What we are learning here is the rabbinic interpretations on the use of these words, the word מְלָאכָה lending t o the interpretation of a spiritual (heavenly) work (of deeper spiritual meaning, referencing the Tabernacle), and the word עֲבוֹדָה lends to a physical (earthly) work and the significance of the sabbath rest as referring to both spiritual and physical rest. This concept is drawn out in the commentary Or HaChaim on shemot Exodus 35:2 speaking of the completion of creation is coupled to an entire week including the Sabbath rest. The Shabbat was the reason why the eighth day is chosen for circumcision of a new born male and why a new born calf was not qualified for sacrifice until following eight days which included a sabbath day of rest.
Or HaChaim on Shemot / Exodus 35:2 Part 3
There is also a lesson here that the success of the work performed during the six days of the week depends on the observance of the seventh day as a holy day. The reason is that the Sabbath is the soul of the world as we explained in our introduction to Genesis on Genesis 2,2.
Or HaChaim on Bereshit / Genesis 2:2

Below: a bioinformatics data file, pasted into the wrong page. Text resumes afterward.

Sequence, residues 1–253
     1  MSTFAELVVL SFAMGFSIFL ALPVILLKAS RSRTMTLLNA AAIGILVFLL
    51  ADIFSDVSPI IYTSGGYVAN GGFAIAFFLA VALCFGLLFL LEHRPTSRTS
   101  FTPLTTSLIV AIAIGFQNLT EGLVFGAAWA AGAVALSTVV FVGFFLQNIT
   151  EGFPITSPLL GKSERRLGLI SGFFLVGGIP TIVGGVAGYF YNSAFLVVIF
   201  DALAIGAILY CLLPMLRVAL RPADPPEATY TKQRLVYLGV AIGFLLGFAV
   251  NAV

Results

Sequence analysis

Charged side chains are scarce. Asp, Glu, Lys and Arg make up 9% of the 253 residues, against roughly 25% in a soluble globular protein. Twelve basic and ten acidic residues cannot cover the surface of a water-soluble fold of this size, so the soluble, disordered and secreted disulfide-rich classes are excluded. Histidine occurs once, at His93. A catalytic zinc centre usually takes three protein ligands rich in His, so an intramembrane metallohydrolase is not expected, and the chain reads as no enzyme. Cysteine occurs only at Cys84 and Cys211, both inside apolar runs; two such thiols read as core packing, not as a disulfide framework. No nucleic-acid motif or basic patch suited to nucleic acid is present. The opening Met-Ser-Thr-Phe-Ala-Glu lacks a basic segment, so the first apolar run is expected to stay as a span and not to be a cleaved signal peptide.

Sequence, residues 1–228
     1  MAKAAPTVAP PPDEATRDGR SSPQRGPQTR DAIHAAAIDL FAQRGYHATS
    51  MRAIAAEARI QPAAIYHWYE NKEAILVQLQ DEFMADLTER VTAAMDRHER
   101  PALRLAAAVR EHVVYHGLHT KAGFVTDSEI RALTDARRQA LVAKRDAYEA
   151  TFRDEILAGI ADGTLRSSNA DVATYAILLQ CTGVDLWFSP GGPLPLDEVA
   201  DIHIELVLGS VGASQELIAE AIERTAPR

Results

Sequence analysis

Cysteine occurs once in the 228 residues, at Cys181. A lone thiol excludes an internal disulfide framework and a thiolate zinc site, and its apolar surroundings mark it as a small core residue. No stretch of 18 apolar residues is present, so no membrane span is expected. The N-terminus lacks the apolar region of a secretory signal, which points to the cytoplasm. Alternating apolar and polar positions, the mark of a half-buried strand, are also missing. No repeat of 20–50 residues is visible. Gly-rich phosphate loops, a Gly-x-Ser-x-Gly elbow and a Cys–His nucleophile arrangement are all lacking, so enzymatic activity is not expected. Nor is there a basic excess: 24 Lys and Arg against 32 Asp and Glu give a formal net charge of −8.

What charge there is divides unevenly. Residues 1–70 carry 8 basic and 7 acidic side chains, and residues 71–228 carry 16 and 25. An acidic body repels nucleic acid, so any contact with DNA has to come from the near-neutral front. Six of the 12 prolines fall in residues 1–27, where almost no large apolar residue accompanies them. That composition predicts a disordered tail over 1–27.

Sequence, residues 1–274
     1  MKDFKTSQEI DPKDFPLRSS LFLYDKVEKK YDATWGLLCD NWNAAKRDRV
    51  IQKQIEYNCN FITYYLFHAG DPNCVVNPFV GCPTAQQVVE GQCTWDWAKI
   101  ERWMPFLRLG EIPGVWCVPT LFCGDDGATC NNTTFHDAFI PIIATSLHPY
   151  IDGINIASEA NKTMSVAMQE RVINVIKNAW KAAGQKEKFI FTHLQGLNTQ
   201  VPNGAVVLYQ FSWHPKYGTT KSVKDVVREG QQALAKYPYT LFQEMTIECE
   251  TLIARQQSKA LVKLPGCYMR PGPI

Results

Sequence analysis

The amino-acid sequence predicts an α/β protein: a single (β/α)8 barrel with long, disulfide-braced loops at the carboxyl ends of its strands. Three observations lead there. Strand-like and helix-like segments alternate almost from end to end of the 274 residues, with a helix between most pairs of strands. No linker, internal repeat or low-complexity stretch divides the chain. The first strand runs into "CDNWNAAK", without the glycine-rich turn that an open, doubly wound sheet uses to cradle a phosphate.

We find a similar idea in the Zohar-Tazria (page 13 Sullam edition) as to why the rite of circumcision cannot be performed before the eighth day, and why an animal is not fit to serve as a sacrifice until the eighth day of its life. In either case one has to wait until at least one Sabbath has passed so that each has attained a נפש, a soul full of vitality. Our verse then describes G’d as putting the finishing touch to His creation by bringing on the Sabbath, not by creating on the Sabbath. The reason the Torah repeats once more מכל מלאכתו אשר עשה, from all His work which He had done, is to emphasize that this work had been done previously, i.e. before the onset of the Sabbath. The word ויכל therefore refers to activity carried out previously. All that had been lacking was something that would give permanence to this universe of ours. The seventh day, i.e. the Sabbath, completed the cycle that provides this permanence. We are therefore entitled to view the Sabbath as one of the seven days of creation. The proof that we are correct may be the very fact that we do not find the usual: “it was evening it was morning the seventh day,” meaning there was no בריאה on that day.